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Jeffrey Gray

Seattle Induction Center, 1967

Explore more of Jeffrey Gray’s work in the free PDF pamphlet The Aquarian Foundation,
available now from O:JA&L’s Buttonhook Press.

The Brain (stoned) by Hanno Karlhuber

I stayed up two nights
on ephedrine, then took LSD
before catching the bus
to the induction center,

on the waterfront, Alaskan
Way S., under the viaduct,
gone now, they say, not
far from the ferry docks,

where I stood naked in a room
with a hundred other men
abject and shivering
in the gaze of the State,

murky brains and beards
beginning to understand
the role they’d been born
to just moments before.

I faced an ancient chart
whose emblems trembled
in the black air of the apparatus
strapped to my head:

F  P  t o z  l p e d
the space between and behind
them endless.  I was
skittish of needles

but calmly watched a man draw
my blood. “You used to this,
ain’t you?” he joked.
A young white-smocked

doctor looked at me, then
spoke to me softly,  turned
to the phone: “patient actively
hallucinating, I think we….”

but it had all turned to soup,
accents awash in basins of order,
dissolving orbits. A young troop
led me to the door and swiveled

me sun-ward toward the row
of promising streets and the world
at large, however surveilled,
larger than it would ever be again.

A ball of light spun twenty feet
over my head, gaseous, buzzing,
I looked down from it
to see my body as it glided from

the waterfront, half blossom,
half planet to our little place,
miles away, my body walking
below it, looking up

at me. And then you were
walking beside my body,
looking into its eyes,
my eyes, and neither yours

nor mine saw your death
that lay at that moment
wrapped in a far grey pupa
that would open only

eons ahead on this path,
and mine too, invisible,
had to have lain there coating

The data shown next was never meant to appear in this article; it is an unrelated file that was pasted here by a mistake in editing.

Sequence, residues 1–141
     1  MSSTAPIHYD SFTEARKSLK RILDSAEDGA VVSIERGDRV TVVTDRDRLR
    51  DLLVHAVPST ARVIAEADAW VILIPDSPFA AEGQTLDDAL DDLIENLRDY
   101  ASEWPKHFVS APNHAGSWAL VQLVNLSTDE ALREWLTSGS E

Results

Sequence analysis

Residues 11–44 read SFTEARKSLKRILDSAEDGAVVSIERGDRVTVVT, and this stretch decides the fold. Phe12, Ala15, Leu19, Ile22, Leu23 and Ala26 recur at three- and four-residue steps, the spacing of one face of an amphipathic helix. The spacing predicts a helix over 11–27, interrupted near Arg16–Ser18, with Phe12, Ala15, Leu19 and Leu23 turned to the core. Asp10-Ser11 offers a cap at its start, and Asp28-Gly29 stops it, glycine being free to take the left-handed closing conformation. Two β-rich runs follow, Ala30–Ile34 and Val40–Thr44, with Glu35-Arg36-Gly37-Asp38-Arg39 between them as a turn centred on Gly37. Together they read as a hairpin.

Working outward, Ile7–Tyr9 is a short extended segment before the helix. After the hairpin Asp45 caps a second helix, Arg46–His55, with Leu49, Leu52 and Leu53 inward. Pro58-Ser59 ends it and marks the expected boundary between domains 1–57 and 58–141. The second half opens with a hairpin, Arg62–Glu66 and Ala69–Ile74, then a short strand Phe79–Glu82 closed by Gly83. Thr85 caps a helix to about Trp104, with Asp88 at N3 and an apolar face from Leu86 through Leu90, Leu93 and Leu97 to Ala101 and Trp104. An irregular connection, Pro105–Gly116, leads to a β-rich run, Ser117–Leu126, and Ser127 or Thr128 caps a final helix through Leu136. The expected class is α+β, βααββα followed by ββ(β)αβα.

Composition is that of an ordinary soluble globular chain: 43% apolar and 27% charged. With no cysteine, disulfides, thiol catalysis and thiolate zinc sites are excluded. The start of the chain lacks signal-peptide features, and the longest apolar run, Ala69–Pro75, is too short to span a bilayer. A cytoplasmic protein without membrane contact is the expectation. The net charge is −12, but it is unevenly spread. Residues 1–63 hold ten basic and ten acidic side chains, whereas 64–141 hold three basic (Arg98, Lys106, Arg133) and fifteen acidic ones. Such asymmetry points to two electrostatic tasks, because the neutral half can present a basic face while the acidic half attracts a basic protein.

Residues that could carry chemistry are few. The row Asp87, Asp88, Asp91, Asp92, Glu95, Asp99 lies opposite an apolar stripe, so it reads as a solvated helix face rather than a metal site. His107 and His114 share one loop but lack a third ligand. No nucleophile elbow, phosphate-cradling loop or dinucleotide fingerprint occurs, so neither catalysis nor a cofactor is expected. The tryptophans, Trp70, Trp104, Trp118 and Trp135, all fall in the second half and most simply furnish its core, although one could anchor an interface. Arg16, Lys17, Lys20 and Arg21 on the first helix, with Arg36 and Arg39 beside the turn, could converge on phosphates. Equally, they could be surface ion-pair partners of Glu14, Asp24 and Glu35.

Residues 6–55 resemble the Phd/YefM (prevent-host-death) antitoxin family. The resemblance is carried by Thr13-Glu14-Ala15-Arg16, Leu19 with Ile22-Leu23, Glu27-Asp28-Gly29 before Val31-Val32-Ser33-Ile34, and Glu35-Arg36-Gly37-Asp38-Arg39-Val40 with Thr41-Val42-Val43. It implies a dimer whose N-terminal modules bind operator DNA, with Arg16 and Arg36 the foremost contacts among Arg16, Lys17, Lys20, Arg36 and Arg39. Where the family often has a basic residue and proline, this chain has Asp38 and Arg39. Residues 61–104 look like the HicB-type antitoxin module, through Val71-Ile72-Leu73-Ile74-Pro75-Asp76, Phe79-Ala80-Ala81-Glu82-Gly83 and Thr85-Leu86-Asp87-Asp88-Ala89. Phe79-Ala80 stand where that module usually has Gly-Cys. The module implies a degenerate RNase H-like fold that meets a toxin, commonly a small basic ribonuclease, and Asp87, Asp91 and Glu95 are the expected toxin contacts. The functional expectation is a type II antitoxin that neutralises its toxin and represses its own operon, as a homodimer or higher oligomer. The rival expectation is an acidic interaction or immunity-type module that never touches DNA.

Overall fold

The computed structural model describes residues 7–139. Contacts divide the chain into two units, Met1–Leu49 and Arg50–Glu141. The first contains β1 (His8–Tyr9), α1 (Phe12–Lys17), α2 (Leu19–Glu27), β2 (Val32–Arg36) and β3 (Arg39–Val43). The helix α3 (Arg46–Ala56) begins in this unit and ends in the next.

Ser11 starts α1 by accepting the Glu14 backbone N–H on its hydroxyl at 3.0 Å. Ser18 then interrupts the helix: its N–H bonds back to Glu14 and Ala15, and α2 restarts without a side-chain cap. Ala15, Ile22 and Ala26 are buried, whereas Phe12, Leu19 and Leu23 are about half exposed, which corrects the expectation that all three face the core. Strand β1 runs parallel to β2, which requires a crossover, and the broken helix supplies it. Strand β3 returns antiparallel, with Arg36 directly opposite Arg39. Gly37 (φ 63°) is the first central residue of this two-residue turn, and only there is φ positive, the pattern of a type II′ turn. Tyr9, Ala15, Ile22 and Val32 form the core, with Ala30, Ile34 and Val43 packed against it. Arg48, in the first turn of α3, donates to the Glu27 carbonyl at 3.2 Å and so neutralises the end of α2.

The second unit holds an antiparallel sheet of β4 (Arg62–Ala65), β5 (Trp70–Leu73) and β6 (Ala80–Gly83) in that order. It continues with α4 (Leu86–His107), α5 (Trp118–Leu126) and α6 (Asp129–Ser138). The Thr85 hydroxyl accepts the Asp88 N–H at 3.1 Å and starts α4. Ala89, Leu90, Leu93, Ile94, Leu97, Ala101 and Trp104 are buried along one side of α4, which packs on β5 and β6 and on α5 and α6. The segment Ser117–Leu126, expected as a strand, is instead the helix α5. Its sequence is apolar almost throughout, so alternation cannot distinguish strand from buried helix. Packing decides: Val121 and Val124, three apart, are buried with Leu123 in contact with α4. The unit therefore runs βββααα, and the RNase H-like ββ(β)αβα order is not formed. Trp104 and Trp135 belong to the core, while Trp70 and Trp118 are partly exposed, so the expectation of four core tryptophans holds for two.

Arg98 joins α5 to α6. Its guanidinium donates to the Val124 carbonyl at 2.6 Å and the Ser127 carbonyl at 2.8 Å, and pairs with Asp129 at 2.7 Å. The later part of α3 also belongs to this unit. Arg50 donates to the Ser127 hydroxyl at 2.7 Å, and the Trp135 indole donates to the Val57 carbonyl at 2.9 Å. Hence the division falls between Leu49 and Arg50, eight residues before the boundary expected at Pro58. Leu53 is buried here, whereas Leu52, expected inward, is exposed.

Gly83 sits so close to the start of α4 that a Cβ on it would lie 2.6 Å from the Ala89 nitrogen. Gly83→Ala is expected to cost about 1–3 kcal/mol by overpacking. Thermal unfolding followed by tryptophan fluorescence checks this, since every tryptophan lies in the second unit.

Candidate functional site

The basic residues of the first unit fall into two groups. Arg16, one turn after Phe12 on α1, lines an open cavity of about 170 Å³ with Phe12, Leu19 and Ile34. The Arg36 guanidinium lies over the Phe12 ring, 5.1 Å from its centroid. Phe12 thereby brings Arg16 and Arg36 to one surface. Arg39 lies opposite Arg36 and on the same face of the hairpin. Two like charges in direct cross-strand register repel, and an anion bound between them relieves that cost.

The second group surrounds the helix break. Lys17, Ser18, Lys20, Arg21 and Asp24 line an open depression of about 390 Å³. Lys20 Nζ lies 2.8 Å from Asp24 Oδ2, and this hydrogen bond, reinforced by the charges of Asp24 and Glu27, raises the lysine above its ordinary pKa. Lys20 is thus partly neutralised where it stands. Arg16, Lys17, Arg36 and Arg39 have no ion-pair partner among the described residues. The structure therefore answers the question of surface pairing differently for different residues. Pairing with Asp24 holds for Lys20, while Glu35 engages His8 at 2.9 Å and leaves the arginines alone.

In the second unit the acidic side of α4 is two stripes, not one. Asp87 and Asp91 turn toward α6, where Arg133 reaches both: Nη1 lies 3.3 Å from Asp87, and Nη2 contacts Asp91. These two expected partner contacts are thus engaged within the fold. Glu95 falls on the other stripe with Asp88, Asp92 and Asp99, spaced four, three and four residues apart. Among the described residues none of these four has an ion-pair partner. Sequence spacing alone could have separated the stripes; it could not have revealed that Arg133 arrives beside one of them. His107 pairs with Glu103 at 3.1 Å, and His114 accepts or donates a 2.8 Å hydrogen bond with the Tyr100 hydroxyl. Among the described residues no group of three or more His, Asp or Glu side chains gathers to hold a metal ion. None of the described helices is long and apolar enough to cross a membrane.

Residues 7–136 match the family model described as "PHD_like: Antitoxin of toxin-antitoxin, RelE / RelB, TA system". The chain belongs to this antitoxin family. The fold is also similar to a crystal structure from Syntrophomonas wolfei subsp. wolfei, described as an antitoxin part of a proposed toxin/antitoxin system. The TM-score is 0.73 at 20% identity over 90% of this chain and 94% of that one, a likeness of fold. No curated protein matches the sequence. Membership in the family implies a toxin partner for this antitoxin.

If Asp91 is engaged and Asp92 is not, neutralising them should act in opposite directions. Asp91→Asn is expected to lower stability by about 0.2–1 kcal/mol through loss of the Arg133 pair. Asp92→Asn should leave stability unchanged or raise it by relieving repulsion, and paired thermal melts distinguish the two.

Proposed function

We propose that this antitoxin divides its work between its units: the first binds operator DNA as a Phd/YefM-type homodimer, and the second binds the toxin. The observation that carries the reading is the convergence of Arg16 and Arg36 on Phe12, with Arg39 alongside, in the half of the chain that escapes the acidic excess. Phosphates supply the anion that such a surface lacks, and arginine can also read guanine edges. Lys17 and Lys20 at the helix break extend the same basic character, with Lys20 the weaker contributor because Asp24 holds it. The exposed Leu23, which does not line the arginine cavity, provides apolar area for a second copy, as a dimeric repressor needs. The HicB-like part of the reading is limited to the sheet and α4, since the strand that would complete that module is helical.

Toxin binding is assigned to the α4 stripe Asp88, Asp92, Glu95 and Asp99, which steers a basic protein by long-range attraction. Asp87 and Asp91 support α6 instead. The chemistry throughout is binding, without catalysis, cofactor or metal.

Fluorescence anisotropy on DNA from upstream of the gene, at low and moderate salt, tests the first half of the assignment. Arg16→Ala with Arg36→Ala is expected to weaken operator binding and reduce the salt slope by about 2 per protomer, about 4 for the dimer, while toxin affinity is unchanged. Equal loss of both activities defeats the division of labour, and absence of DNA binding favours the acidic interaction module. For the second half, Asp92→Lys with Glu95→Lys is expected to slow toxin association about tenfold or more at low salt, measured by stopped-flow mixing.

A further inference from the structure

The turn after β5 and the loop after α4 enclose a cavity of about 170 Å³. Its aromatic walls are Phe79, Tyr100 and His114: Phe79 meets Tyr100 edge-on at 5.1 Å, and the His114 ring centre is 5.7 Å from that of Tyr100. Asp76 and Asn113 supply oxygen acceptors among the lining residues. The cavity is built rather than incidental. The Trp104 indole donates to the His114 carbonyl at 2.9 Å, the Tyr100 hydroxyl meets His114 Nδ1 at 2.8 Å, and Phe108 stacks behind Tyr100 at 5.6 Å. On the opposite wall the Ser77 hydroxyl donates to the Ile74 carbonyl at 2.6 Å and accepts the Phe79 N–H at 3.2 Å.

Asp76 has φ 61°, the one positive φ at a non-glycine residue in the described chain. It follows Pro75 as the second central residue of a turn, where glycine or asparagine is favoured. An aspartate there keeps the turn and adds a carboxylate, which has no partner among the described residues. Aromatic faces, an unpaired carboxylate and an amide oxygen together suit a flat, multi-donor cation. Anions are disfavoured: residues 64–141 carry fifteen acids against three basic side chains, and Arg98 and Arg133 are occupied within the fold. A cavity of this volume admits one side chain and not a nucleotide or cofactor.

with its film everything I saw.

Home, we sat in the dim
light, smoked, drank tea,
watched the afternoon
sink unmonitored and glad

in the gloom of the State,
dissolved in forgiving leaves,
bathed in honest error,
the brain’s muddy water

sloshing in its old wrappings
floating in ditches still, far
off, given our short lives,
unfinished in our wisps,

our damp cocoons, what
shone over us, (what makes
me see it now in clouds
of steam from a kitchen…)–

we lay book-dark, moon-hidden,
how can anyone say with what
has passed from then
till now, that time is sweet–

Sophocles said it’s not worth it,
whatever “it” means.
Memory leaches from the cells, like
toxins from the soil, or fluid

from the skull and tissue,
light seeps from the white
preposterous clouds that float
unmoving in front of us.


About the writer:
Jeffrey Gray’s poetry has appeared in The Atlantic, the Yale Review, PN Review, Lana Turner (forthcoming), TriQuarterly (forthcoming), Western Humanities Review, and others. He is the author of Mastery’s End: Travel and Postwar American Poetry (University of Georgia Press 2005) and of many articles on American and Latin American poetry, in journals such as Callaloo, Contemporary Literature, Chronicle of Higher Education, Profession, and American Poetry Review. Gray is also the English translator of Rodrigo Rey Rosa’s novels The African Shore (Yale University Press 2014) and Chaos, a Fable (Amazon Crossing 2018), and editor or co-editor of several anthologies, including The News from Poems: Essays on the New American Poetry of Engagement (University of Michigan Press, 2016) and The New American Poetry of Engagement: A 21st Century Anthology (McFarland, 2013). Jeffrey Gray is a professor at Seton Hall University and lives in Ocean Grove, New Jersey, and Alghero, Sardinia. Explore more of Jeffrey Gray’s work in the free PDF pamphlet The Aquarian Foundation, available now from O:JA&L’s Buttonhook Press.

Image: The Brain (stoned) from The Energy of Space Series by Hanno Karlhuber (contemporary). Oil tempera on wood. 50 x 60 cm. 1982. By free license.

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